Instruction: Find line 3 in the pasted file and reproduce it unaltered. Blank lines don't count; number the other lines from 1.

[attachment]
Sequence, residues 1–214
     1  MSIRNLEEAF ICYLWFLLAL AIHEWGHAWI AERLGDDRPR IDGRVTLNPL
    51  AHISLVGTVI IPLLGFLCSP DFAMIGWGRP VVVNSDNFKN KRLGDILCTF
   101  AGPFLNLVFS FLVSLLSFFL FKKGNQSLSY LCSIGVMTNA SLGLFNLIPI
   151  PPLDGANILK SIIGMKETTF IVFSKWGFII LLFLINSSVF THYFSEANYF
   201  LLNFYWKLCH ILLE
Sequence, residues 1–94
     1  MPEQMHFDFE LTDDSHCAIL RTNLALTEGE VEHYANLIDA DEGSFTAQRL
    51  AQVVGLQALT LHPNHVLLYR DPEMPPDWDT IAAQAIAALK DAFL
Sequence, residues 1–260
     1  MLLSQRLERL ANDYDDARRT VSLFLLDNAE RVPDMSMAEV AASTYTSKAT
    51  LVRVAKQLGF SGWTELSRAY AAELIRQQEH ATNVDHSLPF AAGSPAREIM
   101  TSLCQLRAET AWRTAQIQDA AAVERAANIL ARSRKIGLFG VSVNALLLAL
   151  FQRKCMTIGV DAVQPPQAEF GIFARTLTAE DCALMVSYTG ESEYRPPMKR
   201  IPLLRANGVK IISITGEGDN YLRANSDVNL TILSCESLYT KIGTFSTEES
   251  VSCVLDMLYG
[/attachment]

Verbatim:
    51  AHISLVGTVI IPLLGFLCSP DFAMIGWGRP VVVNSDNFKN KRLGDILCTF